Brady's description of Bobby's indomitable fighting spirit as a youth helps us to understand and even identify with some of the more uncivil and even bizarre ways that trait was expressed in later life.  Fischer's demands, his seemingly peevish outrage over arbitrary limitations, his refusal to bow to authority under any circumstances -- all these behaviors can be interpreted as natural extensions (if sometimes exaggerations) of the very personality that helped him at the chessboard.  With his personality and background in mind, it becomes easier to understand Fischer's actions, as when Brady tells the story of Fischer's incarceration in Japan, where he physically resisted arrest and fought the guards on numerous occasions.  Fischer's behavior had been depicted in the press as obvious evidence of dementia, but Brady simply presents the facts in the context of Fischer's personality so that we see him as fighting for his right to be free and independent -- desires with which we can all identify.  To make this work, Brady turns to the techniques of a fiction writer.  Reader preconceptions dissolve from the opening sentence as Brady recreates the scene of Fischer's 2004 arrest, using the moment when our epic hero most felt like he was facing death to transport us, in medias res, into Fischer's worldview: "'I can't breathe!  I can't breathe!' Bobby Fischer's screams were muffled by the black hood tied tightly around his head.  He felt as if he were suffocating, near death.  He shook his head furiously to loosen the covering" (1). By making us occupy Fischer's perspective, he helps us to understand better what drove him to the perpetual struggle against his jailers, who Fischer clearly saw as adversaries in a very serious game.  One passage from the book gives some telling details:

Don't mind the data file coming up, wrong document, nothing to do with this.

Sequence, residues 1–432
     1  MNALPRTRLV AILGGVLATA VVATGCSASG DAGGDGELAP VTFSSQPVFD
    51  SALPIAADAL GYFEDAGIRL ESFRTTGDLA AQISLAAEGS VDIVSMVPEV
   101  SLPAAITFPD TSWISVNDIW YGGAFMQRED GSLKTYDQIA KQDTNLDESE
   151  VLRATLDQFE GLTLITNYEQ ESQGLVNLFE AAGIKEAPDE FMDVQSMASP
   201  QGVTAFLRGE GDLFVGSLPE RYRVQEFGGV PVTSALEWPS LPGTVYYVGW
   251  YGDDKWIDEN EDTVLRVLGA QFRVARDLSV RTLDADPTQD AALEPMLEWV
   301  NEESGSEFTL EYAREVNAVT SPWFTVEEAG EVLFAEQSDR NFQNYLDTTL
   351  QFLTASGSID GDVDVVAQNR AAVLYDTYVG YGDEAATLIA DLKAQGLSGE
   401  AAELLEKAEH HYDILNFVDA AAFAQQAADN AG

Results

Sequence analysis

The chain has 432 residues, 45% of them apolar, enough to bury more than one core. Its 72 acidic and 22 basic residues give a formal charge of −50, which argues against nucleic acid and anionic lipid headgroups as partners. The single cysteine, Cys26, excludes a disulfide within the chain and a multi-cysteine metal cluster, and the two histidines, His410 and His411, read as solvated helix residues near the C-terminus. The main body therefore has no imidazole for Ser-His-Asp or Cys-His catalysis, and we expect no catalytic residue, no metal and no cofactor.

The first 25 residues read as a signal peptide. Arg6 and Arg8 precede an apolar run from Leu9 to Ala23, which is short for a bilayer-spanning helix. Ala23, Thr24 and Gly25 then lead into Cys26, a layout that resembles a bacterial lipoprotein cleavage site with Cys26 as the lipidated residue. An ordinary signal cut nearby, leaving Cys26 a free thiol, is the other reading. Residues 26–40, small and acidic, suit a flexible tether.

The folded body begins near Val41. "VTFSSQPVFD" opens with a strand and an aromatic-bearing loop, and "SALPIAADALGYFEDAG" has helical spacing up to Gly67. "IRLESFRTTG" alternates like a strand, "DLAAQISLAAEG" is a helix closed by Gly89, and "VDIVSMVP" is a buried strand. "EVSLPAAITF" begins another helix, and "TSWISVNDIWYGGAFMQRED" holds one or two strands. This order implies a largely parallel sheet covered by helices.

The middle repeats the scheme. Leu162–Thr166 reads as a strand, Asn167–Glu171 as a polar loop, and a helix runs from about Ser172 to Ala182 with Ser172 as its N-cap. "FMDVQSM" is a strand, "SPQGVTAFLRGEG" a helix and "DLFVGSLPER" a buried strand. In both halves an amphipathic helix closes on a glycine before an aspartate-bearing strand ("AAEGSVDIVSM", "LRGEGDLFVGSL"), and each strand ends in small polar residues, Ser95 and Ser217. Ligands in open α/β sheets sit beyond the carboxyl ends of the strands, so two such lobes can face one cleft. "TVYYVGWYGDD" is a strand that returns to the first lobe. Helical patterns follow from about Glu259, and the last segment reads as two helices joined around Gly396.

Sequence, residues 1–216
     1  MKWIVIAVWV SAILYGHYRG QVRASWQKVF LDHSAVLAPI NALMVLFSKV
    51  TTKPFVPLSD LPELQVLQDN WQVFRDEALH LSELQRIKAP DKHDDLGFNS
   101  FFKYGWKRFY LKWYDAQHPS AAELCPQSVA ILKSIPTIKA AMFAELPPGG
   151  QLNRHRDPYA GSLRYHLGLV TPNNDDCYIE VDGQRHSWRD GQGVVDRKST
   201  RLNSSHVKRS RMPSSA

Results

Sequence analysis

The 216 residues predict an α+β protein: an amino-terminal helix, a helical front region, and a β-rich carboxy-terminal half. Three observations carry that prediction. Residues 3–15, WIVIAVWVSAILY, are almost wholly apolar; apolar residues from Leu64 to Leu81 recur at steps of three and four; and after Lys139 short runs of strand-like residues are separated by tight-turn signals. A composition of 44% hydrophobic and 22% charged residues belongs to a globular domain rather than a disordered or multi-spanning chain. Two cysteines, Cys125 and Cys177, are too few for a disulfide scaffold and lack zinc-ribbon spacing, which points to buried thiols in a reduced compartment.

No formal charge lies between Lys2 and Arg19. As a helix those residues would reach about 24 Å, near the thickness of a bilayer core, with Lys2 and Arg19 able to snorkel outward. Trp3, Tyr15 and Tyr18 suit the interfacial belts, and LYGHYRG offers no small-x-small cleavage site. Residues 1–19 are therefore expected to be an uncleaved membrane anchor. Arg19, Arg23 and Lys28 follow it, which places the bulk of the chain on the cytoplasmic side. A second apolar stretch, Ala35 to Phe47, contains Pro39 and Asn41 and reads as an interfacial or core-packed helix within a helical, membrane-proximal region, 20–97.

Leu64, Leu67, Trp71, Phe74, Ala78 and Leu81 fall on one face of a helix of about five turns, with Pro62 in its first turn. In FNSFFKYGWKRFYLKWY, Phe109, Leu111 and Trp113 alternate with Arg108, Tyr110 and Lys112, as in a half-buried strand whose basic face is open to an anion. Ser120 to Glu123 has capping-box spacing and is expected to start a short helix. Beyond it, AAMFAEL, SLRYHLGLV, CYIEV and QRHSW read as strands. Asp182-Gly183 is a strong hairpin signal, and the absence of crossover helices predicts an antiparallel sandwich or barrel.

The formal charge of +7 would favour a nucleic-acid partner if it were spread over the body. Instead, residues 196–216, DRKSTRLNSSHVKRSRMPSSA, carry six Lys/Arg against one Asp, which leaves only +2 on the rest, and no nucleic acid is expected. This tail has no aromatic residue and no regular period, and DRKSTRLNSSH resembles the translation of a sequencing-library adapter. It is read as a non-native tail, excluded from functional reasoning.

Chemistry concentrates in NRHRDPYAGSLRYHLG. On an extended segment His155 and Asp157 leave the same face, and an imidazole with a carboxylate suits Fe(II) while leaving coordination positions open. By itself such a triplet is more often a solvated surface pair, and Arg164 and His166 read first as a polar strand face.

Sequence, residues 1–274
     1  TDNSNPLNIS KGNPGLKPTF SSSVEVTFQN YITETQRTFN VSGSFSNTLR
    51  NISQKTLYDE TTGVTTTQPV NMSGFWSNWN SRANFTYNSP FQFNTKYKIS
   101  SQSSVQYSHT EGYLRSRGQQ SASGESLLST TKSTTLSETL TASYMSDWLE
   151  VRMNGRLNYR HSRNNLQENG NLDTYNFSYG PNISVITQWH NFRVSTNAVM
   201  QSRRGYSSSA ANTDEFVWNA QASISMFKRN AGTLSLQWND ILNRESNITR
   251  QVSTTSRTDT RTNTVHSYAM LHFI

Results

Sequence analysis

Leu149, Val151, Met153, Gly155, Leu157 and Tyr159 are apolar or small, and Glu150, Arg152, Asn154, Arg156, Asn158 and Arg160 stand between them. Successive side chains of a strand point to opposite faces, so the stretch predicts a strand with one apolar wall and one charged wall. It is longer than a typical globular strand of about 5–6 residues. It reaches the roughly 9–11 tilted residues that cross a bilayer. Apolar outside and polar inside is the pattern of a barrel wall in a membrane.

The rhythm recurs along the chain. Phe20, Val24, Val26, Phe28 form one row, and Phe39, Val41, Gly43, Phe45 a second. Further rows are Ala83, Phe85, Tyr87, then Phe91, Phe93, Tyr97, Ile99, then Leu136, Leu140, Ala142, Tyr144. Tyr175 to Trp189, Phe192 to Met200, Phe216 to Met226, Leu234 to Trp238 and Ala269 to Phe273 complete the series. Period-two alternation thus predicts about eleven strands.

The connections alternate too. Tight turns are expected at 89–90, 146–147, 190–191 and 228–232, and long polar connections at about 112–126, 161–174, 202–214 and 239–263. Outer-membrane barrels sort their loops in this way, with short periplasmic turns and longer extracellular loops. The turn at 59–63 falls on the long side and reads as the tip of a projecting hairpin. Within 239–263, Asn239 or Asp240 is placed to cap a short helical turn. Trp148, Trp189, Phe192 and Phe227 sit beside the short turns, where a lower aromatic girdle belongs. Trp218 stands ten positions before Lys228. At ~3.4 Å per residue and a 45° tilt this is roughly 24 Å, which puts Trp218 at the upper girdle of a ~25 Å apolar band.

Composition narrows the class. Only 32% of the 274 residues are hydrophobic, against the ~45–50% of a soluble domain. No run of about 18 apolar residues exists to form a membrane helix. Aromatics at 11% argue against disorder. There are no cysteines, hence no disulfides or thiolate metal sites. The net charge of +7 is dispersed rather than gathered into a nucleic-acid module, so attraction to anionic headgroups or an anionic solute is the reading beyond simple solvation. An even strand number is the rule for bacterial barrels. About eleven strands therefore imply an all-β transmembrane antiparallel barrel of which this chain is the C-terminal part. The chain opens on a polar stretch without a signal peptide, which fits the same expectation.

Bobby was like a caged panther, pacing up and down, continually complaining about everything, from the food, to the temperature, to the disrespect his captors showed him, and screaming at the guards. [...]  Once, when he told the guard who brought him his breakfast that his soft-boiled eggs were really hard-boiled and that he wanted an additional egg, they got into a scuffle.  He ended up in solitary confinement for several days and wasn't permitted visits or even allowed to leave his cell.  Another time, he purposely stepped on the glasses of a guard he didn't like and was given solitary again (283).